Insecticide spraying has been reduced because the genetically modified plant is now a pesticide but the U.S.D.A reports herbicide use on GMO crops is rising.  The report states. Herbicide use on GMO corn increased from around 1.5 pounds per planted acre in 2001 to more than 2.0 pounds per planted acre in 2010. Herbicide use on non-GMO corn has remained relatively level during that same time frame.  The over reliance on glyphosate has translated to an increase in weed resistance, which makes crop production much harder. Glyphosate is the chief ingredient in Roundup herbicide sold by Monsanto, and its use has translated to the glyphosate resistance seen in 14 weed species and biotypes in the United States, according to the U.S.D.A report. The overuse of glyphosate has also endangered the Monarch Butterfly population.  Lincoln Brower, a leading entomologist at Sweet Briar College in Virginia, wrote that "the migration is definitely proving to be an endangered biological phenomenon".  "The main culprit," he wrote is now genetically modified "herbicide-resistant corn and soybean crops and herbicides in the USA", which "leads to the wholesale killing of the monarch's principal food plant, common milkweed" (Monarch Butterfly).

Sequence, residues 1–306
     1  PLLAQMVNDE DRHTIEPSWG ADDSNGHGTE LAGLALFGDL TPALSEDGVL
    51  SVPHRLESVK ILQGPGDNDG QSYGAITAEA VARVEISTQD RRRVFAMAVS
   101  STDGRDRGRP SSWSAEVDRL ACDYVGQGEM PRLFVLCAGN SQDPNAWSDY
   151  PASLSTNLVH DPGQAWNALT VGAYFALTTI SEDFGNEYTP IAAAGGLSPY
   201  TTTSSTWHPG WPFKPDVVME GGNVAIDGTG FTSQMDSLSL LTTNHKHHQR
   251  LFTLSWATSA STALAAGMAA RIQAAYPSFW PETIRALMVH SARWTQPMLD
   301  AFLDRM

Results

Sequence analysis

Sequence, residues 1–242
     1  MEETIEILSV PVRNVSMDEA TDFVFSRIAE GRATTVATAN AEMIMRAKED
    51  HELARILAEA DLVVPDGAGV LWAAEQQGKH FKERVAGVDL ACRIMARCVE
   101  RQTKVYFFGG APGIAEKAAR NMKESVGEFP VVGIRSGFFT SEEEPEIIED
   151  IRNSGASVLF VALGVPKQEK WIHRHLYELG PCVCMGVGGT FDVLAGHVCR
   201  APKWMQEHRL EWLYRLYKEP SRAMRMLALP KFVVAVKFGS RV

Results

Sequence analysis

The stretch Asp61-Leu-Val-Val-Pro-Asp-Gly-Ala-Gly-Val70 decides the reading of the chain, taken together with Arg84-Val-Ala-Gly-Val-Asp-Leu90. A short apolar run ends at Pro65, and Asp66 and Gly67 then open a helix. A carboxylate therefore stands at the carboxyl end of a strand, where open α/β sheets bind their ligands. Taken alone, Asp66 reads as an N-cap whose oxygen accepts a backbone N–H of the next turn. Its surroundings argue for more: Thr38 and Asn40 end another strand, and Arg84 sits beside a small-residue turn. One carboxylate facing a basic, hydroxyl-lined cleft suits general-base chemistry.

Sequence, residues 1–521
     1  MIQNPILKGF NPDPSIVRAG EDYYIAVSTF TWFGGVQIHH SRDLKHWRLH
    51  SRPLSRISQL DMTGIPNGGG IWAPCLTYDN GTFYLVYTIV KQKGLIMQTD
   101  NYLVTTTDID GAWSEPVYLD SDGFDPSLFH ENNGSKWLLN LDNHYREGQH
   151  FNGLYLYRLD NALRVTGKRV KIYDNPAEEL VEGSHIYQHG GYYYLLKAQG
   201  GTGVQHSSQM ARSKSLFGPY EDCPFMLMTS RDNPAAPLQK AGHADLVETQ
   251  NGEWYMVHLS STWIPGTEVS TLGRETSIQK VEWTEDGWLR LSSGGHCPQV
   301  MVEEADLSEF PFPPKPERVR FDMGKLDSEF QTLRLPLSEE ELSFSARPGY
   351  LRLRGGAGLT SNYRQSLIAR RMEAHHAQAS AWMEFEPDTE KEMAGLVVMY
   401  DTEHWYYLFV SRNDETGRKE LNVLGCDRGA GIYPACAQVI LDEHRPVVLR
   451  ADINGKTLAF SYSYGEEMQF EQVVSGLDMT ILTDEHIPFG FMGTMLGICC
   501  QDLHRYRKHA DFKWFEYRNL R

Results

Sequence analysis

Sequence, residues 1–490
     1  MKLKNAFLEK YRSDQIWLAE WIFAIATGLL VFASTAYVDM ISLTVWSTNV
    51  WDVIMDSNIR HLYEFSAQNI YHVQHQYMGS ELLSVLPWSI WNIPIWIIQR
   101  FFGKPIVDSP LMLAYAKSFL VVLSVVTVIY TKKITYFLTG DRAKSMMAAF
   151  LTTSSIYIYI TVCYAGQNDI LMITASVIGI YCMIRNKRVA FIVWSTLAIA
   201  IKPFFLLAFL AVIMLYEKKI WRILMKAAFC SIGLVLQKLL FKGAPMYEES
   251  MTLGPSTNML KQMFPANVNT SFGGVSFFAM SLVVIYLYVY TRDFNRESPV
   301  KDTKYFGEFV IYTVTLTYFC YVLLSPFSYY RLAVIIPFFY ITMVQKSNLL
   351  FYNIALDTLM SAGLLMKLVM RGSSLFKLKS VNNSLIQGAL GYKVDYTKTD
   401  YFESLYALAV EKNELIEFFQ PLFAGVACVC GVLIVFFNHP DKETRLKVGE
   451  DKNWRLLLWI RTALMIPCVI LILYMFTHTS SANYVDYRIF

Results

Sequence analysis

In addition because of genetic modification and the monopolization of the world seed market seed prices have grown dramatically.

     In a recent comprehensive United Nations report they stated "Farming in rich and poor nations alike should shift from monoculture towards greater varieties of crops, reduced use of fertilizers and other inputs, greater support for small-scale farmers, and more locally focused production and consumption of food."  The report, "Wake up before it is too late: Make agriculture truly sustainable now for food security in a changing climate (United Nations Report)" included contributions from more than 60 international experts.